Statutory accommodation scheme update
The Welsh Government are undertaking the final consultation on their proposed statutory licencing scheme currently aimed at all accommodation types operating in Wales and not simply “short-term lets”. The approach proposed is far more robust than a simple registration scheme which, in the view of some, is little more than a list of those operating, with the weak sanction of potentially being removed from it, in the event of serious, proven failings.
The Welsh Government’s approach unashamedly aims to create a level playing field for all provides and offers consistent assurance to consumers in order to address issues surrounding standards in accommodation provision, whilst also helping to manage the wider impacts of short-term lets on housing and on host communities. Proposals include; the provision of evidence of conformity to various, mainly safety, provisions before the renewable licence to trade is first issued, backed by a proposed 1:50 confirmatory inspection regime.
The consultation and proposal will be of direct interest to members in Wales, to consumers living in, or visiting Wales. Beyond that it further informs the ongoing debate about DCMS’s, potentially quite different, proposed approach in England that we are still expecting to be published for consultation later this calendar year. The consultation also includes a useful annex summarising the current position in the other home nations and the approach used in the Channel Isles and Isle of Man
Even if you do not intend to respond, it is worth reading the short 36-page consultation to understand the proposed direction and rational being applied to the visitor accommodation sectors in Wales. Clearly, the proposals may be adjusted as a consequence of the comments received. However, having started from a relative robust position, the final version adopted is likely to be a long way from, for example, the ultra-light touch, self-assessed, instantaneous issue of a registration number proposed and subsequently widely promoted in the Airbnb “white paper” on the subject.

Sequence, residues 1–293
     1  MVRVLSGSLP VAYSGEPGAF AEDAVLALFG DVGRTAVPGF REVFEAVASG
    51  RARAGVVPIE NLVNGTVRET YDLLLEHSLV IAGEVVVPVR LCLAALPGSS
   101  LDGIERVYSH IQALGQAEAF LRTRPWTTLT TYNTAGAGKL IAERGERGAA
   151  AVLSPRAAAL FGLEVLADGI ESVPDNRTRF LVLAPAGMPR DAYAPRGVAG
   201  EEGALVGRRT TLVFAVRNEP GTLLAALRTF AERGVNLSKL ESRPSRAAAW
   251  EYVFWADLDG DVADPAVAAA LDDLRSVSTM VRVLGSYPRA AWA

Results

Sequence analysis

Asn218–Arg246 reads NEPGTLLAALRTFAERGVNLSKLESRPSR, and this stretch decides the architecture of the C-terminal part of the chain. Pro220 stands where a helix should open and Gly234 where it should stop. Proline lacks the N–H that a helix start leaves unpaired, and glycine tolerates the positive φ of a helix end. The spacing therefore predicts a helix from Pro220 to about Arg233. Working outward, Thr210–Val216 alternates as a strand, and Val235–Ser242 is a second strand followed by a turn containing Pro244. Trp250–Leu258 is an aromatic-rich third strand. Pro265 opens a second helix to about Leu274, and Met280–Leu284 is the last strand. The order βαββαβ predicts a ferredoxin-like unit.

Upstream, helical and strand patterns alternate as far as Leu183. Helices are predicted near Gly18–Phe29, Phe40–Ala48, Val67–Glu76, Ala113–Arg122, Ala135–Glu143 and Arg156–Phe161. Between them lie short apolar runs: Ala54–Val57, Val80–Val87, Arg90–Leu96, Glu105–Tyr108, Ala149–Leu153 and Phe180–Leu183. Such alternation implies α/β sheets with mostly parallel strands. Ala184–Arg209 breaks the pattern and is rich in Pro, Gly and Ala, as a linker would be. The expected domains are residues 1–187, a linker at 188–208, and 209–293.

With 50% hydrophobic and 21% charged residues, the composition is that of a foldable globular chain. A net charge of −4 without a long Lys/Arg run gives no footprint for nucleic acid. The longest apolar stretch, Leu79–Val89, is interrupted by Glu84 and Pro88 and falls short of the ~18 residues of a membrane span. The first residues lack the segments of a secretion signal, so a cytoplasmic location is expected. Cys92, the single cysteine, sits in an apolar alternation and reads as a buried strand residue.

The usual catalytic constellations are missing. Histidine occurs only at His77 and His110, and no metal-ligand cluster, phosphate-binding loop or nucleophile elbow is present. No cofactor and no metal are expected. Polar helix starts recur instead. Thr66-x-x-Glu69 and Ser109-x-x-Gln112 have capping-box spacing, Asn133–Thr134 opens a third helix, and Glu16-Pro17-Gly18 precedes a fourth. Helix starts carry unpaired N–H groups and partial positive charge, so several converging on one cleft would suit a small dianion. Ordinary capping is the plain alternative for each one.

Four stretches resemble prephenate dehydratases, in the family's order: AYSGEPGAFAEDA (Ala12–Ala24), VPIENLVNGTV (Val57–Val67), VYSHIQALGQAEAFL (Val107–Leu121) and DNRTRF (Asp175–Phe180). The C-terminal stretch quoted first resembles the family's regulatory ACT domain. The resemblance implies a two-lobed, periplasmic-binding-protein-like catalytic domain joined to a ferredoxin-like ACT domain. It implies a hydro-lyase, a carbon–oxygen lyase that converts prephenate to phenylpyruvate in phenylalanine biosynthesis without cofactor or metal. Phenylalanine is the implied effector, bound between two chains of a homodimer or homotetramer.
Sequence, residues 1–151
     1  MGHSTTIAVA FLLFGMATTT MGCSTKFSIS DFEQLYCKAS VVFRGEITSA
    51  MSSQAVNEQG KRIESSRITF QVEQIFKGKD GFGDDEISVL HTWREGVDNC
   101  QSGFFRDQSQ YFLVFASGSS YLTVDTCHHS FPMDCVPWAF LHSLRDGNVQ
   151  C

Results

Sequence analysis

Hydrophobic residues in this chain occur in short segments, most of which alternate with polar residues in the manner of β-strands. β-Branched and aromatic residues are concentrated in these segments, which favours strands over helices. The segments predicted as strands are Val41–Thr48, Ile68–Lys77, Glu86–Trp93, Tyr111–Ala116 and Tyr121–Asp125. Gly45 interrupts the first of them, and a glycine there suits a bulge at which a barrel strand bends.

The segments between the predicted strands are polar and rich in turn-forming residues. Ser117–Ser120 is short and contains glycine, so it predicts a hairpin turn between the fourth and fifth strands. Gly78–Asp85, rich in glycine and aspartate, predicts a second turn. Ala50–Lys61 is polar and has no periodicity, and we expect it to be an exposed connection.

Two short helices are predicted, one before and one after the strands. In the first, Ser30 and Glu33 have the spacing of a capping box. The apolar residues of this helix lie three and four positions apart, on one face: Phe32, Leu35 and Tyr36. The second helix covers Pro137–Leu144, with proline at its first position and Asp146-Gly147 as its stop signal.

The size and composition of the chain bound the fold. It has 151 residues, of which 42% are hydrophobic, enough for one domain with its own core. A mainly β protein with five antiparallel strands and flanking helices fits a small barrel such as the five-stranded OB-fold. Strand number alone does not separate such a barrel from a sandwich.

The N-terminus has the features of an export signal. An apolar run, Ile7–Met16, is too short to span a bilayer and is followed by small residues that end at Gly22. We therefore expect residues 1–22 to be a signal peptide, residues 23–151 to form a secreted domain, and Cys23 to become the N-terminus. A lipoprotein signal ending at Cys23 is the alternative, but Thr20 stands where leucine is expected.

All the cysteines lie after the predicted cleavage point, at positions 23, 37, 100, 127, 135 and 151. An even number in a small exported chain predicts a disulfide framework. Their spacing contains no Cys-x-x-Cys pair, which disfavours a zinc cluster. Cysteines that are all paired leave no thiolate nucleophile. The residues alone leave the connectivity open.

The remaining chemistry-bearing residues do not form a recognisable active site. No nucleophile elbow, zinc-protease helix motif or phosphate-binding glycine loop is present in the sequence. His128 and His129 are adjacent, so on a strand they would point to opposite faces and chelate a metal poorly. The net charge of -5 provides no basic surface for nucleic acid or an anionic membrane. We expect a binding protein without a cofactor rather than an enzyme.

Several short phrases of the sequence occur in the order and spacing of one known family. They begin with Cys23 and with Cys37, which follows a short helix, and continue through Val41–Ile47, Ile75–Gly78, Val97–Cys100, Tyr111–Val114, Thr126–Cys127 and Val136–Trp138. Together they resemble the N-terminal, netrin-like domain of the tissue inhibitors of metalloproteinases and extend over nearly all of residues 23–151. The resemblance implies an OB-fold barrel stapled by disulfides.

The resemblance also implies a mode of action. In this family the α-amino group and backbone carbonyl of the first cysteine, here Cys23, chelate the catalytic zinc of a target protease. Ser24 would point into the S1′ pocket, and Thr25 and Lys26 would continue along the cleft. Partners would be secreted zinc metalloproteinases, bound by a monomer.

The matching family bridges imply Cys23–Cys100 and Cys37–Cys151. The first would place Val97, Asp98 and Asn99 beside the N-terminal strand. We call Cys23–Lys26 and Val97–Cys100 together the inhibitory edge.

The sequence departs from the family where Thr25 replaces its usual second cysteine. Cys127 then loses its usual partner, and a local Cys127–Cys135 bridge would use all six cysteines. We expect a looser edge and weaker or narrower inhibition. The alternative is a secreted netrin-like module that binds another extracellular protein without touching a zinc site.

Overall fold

My view remains that whatever scheme is adopted, or not in Wales or England, it needs to meaningfully address all the main known issues It must, at all costs, also avoid unintentionally (?) reinforcing the entirely reasonable and widely held but erroneous public view that all commercial accommodation already must conform to the highest possible standards to trade, something achieved through the application of an existing, robust and well enforced system. The fact that that isn’t true is a potential national scandal, or will be the day after those failing are publicly exposed by some small but particularly unpleasant or some shockingly large incident, as they will inevitably be, unless and until Governments block old and more recently created loopholes.
Personally, I applaud the Welsh Government for taking the opportunity to apply their approach to all accommodation which has the advantage of genuinely levelling the playing field, establishing genuine consistency and dealing with potential problems in other established sectors which are not necessarily all operating without omissions or within the expected standard. I also tend towards supporting the argument for licencing rather than simple registration but I also appreciate others might not. Better to aim high and ease off later as necessary than aim low and find soon after that you have failed to actual achieve the intended objectives.
The consultation for Wales, open to all, closes on 17 March: https://www.gov.wales/sites/default/files/consultations/2022-12/consultation-document-statutory-licensing-scheme-for-all-visitor-accommodation-providers-in-wales.pdf
One thought on “Statutory accommodation scheme update”
March 2, 2023 at 1:50 pm
[…] Destination managers can help the nudge campaign and help local businesses by making sure that those short-term, holiday let owners they have dealings with are made aware of the changed and changing circumstance. That of course isn’t always as easily done as it sounds, because as we all know, only too well, this is a developing sector that now involve a multitude of new players, many of whom have tended to operate below the local (and national) radar, for various reasons, not least f which is that they can and there no “rules” to discourage it. Hence, in part the perceived and increasingly urgent need for, at the very bare minimum, a national registration scheme for England, if not a full statutory licencing scheme of the likes of that currently proposed for Wales. […]